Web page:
EEO Complaint Process
What Is the Process for Filing an EEO Complaint Against a Federal Agency?
Have you ever wondered about the EEO complaint process and whether filing an EEO complaint is the right decision for you? If you are considering filing an EEO complaint due to discrimination or a hostile work environment, you may want to know what steps you will go through, how long it will take, what the burden of proof is for your particular claims, and whether these complaints become public record. You may also be curious who is responsible for issuing decisions on EEO complaints, and which options make the most sense in your case.
Consider our firm to be your EEO counselor. We have compiled answers to your most pressing questions to clarify what can be an intimidating and unfamiliar process. Read on to find out the details on filing an EEO complaint through these examples.
Informal Complaint Stage
As a federal employee facing discrimination, you have 45 days to initiate contact with an EEO Counselor at your agency and request to file an informal complaint of discrimination. While you may make contact by phone, in person, or by email, make sure you have written confirmation of the date you initiated contact, as agencies are quick to try to dismiss complaints for untimely counselor contact.
At the informal complaint stage, you can elect either EEO Counseling or Mediation/Alternative Dispute Resolution (ADR), and the attorneys at The Federal Practice Group can advise you on which course makes sense for you. During EEO Counseling, an EEO Counselor will interview you to understand your claims and what relief you are seeking and will then speak to the Responsible Management Officials about the complaint. If you elect Mediation/ADR, then the EEO Office will arrange for a mediation session to occur. A neutral mediator will work with you and the agency to try to reach a settlement of your informal complaint.
Formal Complaint Stage/Agency Investigation
If your complaint is not resolved at the informal complaint stage, you will be issued a Notice of Right to File a formal complaint, which should include a formal complaint form, and you will have 15 days from receipt to file a formal complaint of discrimination. In your formal complaint, you should describe what actions you believe were discriminatory and when those actions occurred. You are not required to provide any background explanations or evidence with your formal complaint, and in fact, less is often more.
The agency will then have 180 days to investigate your formal complaint of discrimination. Agencies often use contract investigators, although some agencies still rely on internal investigators. You can expect to be asked to provide an affidavit explaining what happened and why you believe what happened was discriminatory, and the Responsible Management Officials will then be asked to explain their reasons for taking the actions against you at issue.
After the investigation is complete, you will receive a Report of Investigation (ROI) along with a notice informing you of your right to, within 30 days, request a hearing before the EEOC or a Final Agency Decision (FAD) from your agency — a process where the agency makes a determination on your complaint based on the evidence in the Report of Investigation. In most cases, if you wish to continue pursuing your complaint, it makes sense to request a hearing before the EEOC.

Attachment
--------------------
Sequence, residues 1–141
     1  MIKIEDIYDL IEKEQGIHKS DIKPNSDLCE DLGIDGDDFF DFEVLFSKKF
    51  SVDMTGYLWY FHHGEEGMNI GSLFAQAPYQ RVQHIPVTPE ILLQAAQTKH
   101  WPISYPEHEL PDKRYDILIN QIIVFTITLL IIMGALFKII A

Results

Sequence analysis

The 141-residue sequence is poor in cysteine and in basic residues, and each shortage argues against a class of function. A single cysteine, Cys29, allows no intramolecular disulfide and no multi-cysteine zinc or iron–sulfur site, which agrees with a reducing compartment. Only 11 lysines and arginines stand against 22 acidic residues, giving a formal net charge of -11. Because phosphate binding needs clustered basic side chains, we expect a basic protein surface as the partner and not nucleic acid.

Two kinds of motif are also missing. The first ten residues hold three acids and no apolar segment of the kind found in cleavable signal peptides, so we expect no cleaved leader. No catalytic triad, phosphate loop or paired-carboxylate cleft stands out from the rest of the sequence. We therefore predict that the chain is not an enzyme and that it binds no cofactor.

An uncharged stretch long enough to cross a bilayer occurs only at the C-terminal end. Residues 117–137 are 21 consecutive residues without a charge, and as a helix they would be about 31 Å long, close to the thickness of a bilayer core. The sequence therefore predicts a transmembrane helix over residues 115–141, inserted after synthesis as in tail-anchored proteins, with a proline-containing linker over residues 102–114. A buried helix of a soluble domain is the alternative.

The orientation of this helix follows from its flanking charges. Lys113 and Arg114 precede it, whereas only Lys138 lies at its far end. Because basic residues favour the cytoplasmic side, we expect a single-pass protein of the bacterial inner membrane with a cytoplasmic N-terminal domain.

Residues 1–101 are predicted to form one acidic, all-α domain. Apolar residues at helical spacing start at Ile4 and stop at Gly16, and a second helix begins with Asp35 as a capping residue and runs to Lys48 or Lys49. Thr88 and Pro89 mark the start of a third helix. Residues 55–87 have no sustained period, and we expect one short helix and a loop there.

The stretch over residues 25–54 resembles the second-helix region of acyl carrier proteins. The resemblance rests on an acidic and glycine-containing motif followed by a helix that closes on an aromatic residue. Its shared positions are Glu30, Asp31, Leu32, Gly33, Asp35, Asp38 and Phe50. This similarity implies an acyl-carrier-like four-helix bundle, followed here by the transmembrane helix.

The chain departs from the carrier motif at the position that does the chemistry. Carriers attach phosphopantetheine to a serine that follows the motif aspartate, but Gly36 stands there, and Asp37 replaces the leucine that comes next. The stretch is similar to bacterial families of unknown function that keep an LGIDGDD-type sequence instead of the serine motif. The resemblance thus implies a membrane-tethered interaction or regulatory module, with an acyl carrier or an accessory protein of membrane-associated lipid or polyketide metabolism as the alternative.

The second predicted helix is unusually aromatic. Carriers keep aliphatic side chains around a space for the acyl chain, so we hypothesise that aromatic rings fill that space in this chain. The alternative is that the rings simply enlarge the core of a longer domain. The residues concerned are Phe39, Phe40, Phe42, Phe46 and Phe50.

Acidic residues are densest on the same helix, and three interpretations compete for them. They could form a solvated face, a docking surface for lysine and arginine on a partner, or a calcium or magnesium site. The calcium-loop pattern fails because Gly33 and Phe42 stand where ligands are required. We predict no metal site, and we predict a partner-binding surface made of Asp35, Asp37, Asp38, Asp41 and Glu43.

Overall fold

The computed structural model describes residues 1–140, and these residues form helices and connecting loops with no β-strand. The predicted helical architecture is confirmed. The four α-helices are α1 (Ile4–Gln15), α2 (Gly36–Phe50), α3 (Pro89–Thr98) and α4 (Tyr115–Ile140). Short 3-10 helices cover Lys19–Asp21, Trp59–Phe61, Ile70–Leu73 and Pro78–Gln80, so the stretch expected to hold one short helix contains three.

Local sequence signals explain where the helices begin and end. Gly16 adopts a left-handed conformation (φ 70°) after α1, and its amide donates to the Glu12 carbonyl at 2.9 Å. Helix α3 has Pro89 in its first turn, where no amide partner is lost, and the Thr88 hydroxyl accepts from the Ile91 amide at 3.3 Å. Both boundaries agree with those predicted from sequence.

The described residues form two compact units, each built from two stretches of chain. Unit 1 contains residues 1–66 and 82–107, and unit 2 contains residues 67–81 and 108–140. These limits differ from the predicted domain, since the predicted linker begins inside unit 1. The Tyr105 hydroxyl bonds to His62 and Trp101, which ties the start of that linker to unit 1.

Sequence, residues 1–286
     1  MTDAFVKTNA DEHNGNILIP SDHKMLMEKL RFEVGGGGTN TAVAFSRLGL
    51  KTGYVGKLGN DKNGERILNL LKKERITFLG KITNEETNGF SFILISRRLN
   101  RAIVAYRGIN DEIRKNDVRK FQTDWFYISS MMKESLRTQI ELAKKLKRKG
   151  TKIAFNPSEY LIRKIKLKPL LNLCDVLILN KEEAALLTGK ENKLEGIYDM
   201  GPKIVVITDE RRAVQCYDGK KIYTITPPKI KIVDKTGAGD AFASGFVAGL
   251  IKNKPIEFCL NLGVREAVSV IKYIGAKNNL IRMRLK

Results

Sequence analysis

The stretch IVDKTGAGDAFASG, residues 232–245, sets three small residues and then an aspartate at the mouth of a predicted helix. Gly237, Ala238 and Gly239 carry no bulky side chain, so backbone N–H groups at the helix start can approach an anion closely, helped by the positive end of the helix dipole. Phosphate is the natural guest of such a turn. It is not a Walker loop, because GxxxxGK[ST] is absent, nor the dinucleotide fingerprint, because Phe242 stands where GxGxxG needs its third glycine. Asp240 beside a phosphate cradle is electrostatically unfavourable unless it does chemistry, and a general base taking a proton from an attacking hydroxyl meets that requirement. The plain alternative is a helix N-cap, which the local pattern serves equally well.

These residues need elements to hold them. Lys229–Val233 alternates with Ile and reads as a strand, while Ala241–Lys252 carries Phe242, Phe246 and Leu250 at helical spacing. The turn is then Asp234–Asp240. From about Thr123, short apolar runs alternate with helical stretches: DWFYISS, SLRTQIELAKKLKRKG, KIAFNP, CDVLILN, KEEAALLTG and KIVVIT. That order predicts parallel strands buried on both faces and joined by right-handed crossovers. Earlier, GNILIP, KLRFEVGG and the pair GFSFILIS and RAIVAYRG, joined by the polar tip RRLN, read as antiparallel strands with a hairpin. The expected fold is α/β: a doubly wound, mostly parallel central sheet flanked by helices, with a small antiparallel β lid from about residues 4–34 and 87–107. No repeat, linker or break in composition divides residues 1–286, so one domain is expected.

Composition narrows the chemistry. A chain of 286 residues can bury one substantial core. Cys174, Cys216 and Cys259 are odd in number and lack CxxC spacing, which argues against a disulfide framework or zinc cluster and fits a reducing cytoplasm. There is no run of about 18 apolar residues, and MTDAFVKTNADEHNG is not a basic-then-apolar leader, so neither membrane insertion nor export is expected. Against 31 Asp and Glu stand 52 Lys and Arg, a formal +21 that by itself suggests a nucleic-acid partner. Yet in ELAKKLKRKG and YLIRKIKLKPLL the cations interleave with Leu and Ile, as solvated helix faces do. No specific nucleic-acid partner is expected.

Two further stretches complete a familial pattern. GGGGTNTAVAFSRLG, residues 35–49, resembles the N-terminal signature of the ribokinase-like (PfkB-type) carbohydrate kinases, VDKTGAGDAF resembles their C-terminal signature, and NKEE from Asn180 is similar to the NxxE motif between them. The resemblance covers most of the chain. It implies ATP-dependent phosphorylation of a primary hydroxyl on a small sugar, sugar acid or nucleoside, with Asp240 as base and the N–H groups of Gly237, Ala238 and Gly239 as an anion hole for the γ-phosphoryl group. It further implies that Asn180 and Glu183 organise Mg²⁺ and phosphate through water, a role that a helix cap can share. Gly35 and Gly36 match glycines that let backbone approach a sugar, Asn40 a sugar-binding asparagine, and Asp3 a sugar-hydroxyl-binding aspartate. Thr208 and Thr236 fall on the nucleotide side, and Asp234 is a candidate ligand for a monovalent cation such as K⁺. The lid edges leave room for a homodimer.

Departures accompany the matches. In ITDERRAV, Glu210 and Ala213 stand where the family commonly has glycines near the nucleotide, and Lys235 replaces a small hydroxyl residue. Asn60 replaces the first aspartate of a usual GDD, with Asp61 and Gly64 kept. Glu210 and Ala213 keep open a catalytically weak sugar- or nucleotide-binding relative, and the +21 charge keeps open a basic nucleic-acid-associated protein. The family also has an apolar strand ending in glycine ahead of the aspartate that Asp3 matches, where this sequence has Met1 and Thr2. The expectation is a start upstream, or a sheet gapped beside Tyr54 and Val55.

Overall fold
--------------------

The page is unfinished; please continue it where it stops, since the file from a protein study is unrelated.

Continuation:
Once you have requested a hearing, the EEOC will assign an Administrative Judge to hear your complaint. Depending on your location, this might take several months.
Typically, the Administrative Judge will hold an Initial Conference to discuss settlement and discovery. Federal employees are permitted the right to serve the agency with interrogatories, requests for documents, requests for admissions, and to take depositions during discovery. You can also expect that the Agency may serve the same types of requests for discovery on you. If you have not already sought to be represented by counsel, this is a crucial time to do so, as what occurs in discovery can make or break your case in many instances.
Following discovery, agencies often file motions for summary judgment or for a decision without a hearing. It is important to fight these motions aggressively. If the complaint goes to hearing, it will look like you would expect any trial to look, except it is not open to the public, and the Administrative Judge is there to make the decision on the complaint instead of a jury. Witnesses will be called to testify, and the parties may present additional exhibits into the record. In many cases, it may take several months to obtain a decision following the hearing.
OFO Appeals/Civil Actions
Following the hearing, if either party is unsatisfied with the Administrative Judge’s decision, that party can appeal to the EEOC’s Office of Federal Operations. Each party will submit written briefs to argue their respective positions, after which the Commission will issue a decision on liability or possibly remand the matter back to the Agency or an Administrative Judge.
As the employee, you also have the right to pursue a civil action in a U.S. District Court.
Even with knowledge of the steps involved in the EEO complaint process, you may feel hesitant or uncertain about whether you should go forward. Reach out to The Federal Practice Group to discuss your case with an attorney who has experience in this area and can answer your questions in a timely, ethical manner.